Oils and fats are basically triglycerides which can be differed from the fatty acid composition in terms of length chain and unsaturation degree. The adulteration practice was usually met in high priced oil having similar color with oil adulterant, therefore, it would be difficult to detect the oil that mixed with another oil, physically . Meanwhile, fats and oils can be differentiated using FTIR spectra due to the property of FTIR spectra as fingerprint technique. FTIR spectra could be used to get information about molecular structure from the vibration of functional groups at the certain wavenumbers . The FTIR spectra of patin fish oil (PFO) and palm oil (PO) were showed in fig. 1. Each peaks and shoulders correspond to functional groups responsible for the absorption of infrared radiation. Table 1 explain the functional groups corresponding to each peaks/ shoulders. There are some differences in both spectra at wavenumber around 2954 cm-1 and at the fingerprint area (1500-650 cm-1). PO spectra have no peak at 2954 cm-1 and around 700 cm-1. Thus, these areas can be used for detection and quantification of PFO that adulterated with PO.
Table 1: Vibration of functional groups in patin fish oil (PFO) and palm oil at certain wavenumbers 
|Wavenumber (cm-1)||Functional group|
2922 and 2854
1233 and 1157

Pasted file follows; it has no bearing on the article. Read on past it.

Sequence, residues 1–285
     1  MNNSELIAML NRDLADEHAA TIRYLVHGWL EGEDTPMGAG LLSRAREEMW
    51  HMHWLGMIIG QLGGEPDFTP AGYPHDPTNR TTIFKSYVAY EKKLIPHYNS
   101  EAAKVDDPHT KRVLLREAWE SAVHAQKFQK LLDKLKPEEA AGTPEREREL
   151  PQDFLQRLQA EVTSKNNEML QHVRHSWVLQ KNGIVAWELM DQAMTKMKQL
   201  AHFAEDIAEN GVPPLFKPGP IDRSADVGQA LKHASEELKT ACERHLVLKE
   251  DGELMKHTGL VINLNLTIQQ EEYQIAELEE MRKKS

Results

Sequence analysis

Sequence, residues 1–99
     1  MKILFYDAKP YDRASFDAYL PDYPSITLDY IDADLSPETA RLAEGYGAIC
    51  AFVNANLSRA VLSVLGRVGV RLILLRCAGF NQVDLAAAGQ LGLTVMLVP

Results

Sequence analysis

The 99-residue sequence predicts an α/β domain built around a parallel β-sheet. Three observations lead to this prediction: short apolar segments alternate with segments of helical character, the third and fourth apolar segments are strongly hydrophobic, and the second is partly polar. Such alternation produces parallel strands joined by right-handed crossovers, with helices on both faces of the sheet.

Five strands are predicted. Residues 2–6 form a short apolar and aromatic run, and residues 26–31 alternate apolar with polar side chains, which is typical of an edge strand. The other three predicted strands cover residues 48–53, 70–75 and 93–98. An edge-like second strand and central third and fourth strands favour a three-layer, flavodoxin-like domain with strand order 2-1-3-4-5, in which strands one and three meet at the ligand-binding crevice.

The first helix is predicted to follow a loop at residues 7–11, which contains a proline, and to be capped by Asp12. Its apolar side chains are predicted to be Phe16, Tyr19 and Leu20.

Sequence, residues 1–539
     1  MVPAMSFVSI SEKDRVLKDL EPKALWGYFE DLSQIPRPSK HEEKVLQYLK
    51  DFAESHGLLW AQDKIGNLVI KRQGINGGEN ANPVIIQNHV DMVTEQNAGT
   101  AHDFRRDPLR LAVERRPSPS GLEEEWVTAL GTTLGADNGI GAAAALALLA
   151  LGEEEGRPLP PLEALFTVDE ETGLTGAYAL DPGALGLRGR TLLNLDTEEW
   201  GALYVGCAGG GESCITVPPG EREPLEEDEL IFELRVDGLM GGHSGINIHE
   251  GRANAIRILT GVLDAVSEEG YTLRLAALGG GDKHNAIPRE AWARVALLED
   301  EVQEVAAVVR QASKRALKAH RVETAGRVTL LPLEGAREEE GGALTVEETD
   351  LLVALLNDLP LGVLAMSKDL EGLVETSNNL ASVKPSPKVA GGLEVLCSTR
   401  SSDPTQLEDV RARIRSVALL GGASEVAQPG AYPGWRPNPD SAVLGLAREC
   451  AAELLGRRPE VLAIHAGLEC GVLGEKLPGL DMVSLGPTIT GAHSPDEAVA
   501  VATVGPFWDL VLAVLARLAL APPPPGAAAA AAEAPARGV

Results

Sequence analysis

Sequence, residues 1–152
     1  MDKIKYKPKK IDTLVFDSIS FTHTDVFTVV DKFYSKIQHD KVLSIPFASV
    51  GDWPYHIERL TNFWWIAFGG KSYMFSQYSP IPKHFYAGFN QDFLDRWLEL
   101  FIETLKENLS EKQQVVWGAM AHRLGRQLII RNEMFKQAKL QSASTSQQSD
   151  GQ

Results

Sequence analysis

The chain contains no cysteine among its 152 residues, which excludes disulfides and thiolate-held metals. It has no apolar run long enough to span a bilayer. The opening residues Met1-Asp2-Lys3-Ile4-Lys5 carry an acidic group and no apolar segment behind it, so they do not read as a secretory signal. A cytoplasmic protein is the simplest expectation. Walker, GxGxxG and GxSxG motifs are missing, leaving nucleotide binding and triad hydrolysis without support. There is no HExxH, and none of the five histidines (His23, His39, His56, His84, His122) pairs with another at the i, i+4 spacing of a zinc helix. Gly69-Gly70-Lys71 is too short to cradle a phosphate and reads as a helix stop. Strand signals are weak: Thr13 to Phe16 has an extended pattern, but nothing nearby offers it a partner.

-CH3 asymmetrical strecth
Asymmetric and symmetric vibrations of methylene (-CH2) group
-CH2 bending vibration of an aliphatic group
Stretching vibration of–C-O ester
Bending vibration of–CH
Rocking vibration of methylene (-CH2)
Fig. 1: FTIR spectra of patin fish oil (PFO) and palm oil (PO) at wavenumber of 4000-650 cm-1
Fig. 2: Overlay FTIR spectra of patin fish oil (PFO) and palm oil (PO). (A) FTIR normal spectra (B) first derivative spectra (C) second derivative spectra
Quantification of patin fish oil
Quantification of patin fish oil (PFO) that mixed with PO was performed with partial least square (PLS) and principle component regression (PCR). For quantification, 21 samples containing PFO that mixed with PO with range concentration 0-100% and 13 samples containing pure PFO. The quantification using spectral regions at 1001-1501, 1776-1712, and 2819-2981 cm-1. These regions was selected by optimization processes that give the highest values for R2 and the lowest values of error . PLS method using correlation between spectral absorption change and concentration of samples then computing with other spectra that may disturb analyte spectra . While the PCR method combines spectral and data concentration sample into a model in one step . Overlay FTIR spectra of PFO and PO was shown in fig. 2. In PLS and PCR calibration techniques, linearity was used to evaluate the relationship between absorbance and samples concentration. From the PLS and PCR method, the statistical parameters namely coefficient of determination (R2) value, root mean square error of calibration (RMSEC), and root mean square error of prediction (RMSEP) in normal, first derivative and second derivative spectra were compiled in table 2.
Root mean square of calibration (RMSEC) is the value that used to evaluate error in calibration model and the root mean square of prediction (RMSEP) is used to evaluate the validation model .